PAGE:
chaosbunker.de
20Nov/190

Frostgrave: A Sword and Sorcery Adventure – Part 2

In the second part of my Sword and Sorcery tale, I've taken on the dwarf. Somehow the model just wanted to be painted and in my head the picture of a grumpy looking, but otherwise in a good mood dwarf emerged. The pose had something stealthy with the slightly bent posture, which is why I tried to use as natural colours as possible.

Frostgrave - A Sword and Sorcery Adventure Frostgrave - A Sword and Sorcery Adventure

In order not to create a too generic image, I painted the beard in two colors. The idea originally came from Bunkerboss Dennis, who also gave me sufficient motivation not to fall back on a single color. Only the color scheme was originally the other way around, a black beard with grey streaks. However, I liked the idea of an elderly dwarf better. It also seemed to fit better to a range fighter who doesn't throw himself into the next best melee with youthful impetuosity.

Frostgrave - A Sword and Sorcery Adventure Frostgrave - A Sword and Sorcery Adventure

But enough about the painting thoughts. His background is directly connected to that of the apprentice.

 

   Following the innkeeper to their quarters, they hadn' taken two steps yet, when Balthasar noticed a dwarf in one of the rear seating areas, whose view had obviously fixed him. The dwarf didn't bother to hide it, and when Balthasar tilted his head slightly to look more closely at his observer, he casually put his hand on the handle of his crossbow, which leaned against the bench next to him.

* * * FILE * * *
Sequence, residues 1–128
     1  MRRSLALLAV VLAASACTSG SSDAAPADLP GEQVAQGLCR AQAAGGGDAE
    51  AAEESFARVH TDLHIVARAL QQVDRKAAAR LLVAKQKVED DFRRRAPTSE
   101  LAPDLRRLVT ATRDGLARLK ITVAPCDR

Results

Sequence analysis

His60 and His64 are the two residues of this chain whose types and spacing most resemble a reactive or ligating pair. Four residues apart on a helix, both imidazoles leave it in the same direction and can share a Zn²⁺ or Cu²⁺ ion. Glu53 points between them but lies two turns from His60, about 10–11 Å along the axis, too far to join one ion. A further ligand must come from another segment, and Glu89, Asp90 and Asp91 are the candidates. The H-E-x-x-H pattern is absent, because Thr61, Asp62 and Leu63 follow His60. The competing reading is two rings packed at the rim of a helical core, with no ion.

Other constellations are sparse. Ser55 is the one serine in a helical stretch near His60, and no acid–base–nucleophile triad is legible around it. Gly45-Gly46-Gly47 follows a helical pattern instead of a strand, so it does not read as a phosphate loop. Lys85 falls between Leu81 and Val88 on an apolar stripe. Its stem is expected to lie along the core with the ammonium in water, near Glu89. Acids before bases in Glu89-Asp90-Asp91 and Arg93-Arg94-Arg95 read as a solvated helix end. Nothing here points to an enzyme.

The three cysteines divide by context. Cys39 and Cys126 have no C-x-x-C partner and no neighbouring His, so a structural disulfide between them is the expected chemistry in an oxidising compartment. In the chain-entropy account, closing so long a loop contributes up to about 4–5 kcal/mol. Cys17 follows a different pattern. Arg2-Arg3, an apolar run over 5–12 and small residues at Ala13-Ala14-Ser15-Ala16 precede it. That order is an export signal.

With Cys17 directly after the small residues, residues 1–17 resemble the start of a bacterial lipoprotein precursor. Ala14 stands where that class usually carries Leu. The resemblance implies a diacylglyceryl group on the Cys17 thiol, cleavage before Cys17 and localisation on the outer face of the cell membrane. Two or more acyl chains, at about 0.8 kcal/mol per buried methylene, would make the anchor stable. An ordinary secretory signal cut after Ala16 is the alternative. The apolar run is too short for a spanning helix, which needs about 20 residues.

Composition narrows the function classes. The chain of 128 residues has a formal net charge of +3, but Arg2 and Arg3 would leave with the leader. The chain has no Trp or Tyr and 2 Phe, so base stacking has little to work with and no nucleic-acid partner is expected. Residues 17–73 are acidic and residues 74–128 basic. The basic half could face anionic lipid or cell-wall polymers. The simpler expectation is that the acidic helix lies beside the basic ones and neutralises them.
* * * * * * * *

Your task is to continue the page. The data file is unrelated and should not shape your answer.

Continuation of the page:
"Archibald, go ahead my boy." he said to his apprentice, which dutifully acknowledged with a "Yes Master.".

   Balthasar turned to the huge dining room of the inn and stopped for a moment. The noise that had reached the outside from here lived up to the expected image. At one table, a Templar was trying to eat his supper in peace, while a small crowd had gathered at the neighboring table, loudly cheering on two arm-wrestling barbarians. At another table sat a bored novice of the Order of Fire, who used her magic to light a candle and put it out again and again. Her master could not be far away and she would only be one of many competitors in the frozen city.